As the aggregate of a low molecular compound, there are illustrated micelles of a surfactant and a vehicle comprising a biphillic substance such as liposome. The biphillic substances include phospholipids (e.g., lecithin, dipalmitoylphosphatidylcholine, sodium dipalmitoylphosphatidylate, dipalmitoylphosphatidyl ethanolamine polyethylene glycol ether, etc.), higher carboxylic acids (e.g., lauric acid, sodium laurate, palmitic acid, potassium palmitate, stearic acid, arachidic acid, behenic acid, etc.), higher alcohols (e.g., stearyl alcohol, palmitoyl alcohol, etc.), higher amines (e.g., stearylamine), etc., and the surfactants include anionic surfactants (e.g., sodium dodecylsulfonate, diisobutyl sulfosuccinate, sodium dodecylbenzenesulfonate, etc.), nonionic surfactants (e.g., low molecular weight polyethylene glycol, nonylphenol polyethylene glycol, low molecular polyethylene glycol-propylene glycol copolymer, alkyl modified sugars, etc.), cationic surfactants and fluorine-containing surfactants, though not limitative at all. These biphillic substances and surfactants may be used alone or in combination of two or more of them, or may be stabilized by crosslinking or denaturation by the technique of employing chemical reaction, heat, UV ray or radiation.

The high molecular compounds include natural high molecular compounds (e.g., gelatin, collagen, albumin, chitosan, agar, silkfibroin, starch, cellulose, dextran, etc.) chemically modified natural high polymers (e.g., acetylated gelatine, phthaloylated gelatin, enzyme-decomposed low molecular gelatine, hydroxypropyl cellulose, hydroxypropylmethyl cellulose, carboxymethyl cellulose, etc.) and synthetic high molecular compounds (e.g., polylactic acid, lactic acid-butryric acid copolymer, polyvinyl alcohol, polyethylene glycol, polyethylene glycol-propylene glycol copolymer, urea resin, nylon, polyacrylic acid, polyethylene glycol ester, SBR latex, polystyrene, PET, etc.), which are not limitative at all. The high polymers may be stabilized by crosslinking or denaturation which may be conducted by any means such as chemical reaction, heat, UV ray irradiation or irradiation with radiation.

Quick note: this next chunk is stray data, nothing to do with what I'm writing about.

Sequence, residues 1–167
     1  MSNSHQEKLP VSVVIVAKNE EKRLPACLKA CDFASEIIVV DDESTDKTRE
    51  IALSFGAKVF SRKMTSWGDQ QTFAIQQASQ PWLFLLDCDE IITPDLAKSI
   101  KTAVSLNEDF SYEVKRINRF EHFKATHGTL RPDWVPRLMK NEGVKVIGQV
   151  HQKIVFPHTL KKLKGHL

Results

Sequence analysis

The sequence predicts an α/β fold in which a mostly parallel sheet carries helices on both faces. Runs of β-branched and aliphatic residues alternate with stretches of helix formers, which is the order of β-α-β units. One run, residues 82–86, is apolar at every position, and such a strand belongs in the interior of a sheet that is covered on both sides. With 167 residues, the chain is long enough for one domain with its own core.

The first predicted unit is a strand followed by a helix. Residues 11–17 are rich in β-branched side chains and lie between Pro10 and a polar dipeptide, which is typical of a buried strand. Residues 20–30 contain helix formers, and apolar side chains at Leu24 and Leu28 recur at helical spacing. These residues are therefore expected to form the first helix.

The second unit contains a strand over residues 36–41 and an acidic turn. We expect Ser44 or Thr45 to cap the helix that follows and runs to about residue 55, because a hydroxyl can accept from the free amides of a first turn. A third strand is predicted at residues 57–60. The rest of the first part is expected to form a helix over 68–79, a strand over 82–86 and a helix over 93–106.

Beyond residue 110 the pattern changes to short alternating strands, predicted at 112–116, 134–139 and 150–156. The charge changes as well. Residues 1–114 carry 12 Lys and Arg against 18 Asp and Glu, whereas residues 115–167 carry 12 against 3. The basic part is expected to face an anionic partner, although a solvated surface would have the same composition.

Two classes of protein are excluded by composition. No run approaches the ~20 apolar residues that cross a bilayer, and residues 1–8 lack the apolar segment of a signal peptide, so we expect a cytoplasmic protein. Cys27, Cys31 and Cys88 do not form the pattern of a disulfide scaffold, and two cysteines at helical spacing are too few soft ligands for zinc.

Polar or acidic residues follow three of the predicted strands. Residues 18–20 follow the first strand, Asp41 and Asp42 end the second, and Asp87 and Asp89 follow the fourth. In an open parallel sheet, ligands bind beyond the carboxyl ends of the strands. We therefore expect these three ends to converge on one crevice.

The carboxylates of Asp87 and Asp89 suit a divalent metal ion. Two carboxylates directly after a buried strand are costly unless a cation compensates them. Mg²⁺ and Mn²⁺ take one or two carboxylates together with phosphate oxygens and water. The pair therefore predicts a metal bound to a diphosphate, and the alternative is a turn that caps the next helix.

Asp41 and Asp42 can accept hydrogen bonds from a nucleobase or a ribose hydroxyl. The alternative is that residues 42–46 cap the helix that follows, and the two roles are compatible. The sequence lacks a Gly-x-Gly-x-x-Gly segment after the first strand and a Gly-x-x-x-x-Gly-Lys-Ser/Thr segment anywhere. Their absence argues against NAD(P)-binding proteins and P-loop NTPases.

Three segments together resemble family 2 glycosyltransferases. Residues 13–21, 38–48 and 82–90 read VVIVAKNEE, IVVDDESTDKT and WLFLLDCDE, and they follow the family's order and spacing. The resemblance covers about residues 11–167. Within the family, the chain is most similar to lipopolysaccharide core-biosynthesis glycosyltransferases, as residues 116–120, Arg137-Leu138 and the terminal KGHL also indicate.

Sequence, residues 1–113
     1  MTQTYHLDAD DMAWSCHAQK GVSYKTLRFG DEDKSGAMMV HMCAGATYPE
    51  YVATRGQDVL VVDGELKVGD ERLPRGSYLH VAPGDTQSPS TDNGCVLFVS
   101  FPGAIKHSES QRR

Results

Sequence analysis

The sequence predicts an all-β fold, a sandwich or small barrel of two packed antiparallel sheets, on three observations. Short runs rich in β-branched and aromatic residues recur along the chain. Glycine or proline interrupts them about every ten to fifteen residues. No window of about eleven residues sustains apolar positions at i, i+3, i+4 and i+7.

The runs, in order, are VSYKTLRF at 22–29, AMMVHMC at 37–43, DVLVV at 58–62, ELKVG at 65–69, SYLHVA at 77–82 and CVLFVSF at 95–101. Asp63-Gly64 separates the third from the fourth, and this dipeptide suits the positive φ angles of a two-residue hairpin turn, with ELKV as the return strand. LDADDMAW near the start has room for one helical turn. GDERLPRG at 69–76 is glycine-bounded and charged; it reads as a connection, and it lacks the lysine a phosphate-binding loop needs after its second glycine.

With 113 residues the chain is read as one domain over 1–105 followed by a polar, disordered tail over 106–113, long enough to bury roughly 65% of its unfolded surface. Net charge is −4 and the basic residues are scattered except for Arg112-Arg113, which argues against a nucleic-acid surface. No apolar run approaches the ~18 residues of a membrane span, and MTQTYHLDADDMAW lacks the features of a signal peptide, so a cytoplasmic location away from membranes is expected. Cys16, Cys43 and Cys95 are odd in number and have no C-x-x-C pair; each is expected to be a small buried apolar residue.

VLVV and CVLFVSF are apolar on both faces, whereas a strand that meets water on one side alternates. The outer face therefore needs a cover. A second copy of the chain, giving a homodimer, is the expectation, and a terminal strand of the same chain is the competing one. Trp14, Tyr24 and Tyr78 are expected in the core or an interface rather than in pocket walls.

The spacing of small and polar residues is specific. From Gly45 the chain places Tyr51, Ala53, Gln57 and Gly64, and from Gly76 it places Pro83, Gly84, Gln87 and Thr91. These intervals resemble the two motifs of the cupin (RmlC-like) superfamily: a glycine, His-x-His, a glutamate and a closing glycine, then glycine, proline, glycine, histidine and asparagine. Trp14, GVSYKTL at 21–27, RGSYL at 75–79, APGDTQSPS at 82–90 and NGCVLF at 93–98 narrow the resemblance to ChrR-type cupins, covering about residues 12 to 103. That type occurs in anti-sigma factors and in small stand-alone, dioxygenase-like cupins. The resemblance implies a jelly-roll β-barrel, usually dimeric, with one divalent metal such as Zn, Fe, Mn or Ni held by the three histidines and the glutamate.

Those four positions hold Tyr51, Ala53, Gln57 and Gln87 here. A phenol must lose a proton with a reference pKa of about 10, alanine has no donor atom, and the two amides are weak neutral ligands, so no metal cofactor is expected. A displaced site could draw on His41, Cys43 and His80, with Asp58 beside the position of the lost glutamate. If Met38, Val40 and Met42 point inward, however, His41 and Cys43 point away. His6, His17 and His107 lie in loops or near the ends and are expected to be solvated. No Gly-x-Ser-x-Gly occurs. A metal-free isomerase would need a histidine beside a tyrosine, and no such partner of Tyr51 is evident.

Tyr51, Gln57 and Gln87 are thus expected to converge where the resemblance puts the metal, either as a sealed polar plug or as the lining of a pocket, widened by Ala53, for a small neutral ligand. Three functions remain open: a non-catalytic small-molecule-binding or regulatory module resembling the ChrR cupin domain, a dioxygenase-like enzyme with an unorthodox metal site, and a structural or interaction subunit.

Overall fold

Examples of the inorganic materials for forming the solid particles of the invention include metal oxides (e.g., colloidal silica, alumina, ferrite, etc.), composite oxides (e.g., colloidal silica surface-modified with alumina, zeolite, sellaite, etc.), metal colloids (e.g., silver colloid, gold colloid, etc.), slightly soluble phosphates (e.g., calcium phosphate, hydroxyapatite, etc.) and slightly soluble carbonates (e.g., calcium carbonates), though not limitative at all. The inorganic materials forming the solid particles of the invention may form a composite with the above-described organic compound.

In the case of using the ultrasonic scatterer of the invention as a contrast agent for ultrasonic diagnosis, the inorganic or organic solid fine particles are preferably formed by so-called biodegradable materials.

In the method of obtaining images using ultrasonic echo, the ultrasonic scatterer of the invention is used for confirming the stream by injecting into a liquid portion. In particular, it is favorably used as a contrast agent for ultrasonic diagnosis.

The method for obtaining ultrasonic echo of the invention may be any one, but the subharmonic echo method is effective for obtaining the remarkable effects of the invention.

Embodiments of the method and the apparatus in the invention will be described below in detail with reference to the drawings.

FIG. 1 is a block diagram showing the structure of an ultrasonic imaging apparatus according to a first embodiment of the invention.

As shown in FIG. 1, the ultrasonic imaging apparatus comprises an ultrasonic probe 20 including an ultrasonic transducer array constituted by a plurality of ultrasonic transducers. The ultrasonic probe 20 is used in abutment on a subject 10 by an operator. By previous injection of a micro bubble contrast agent, the subject 10 includes a micro bubble 100.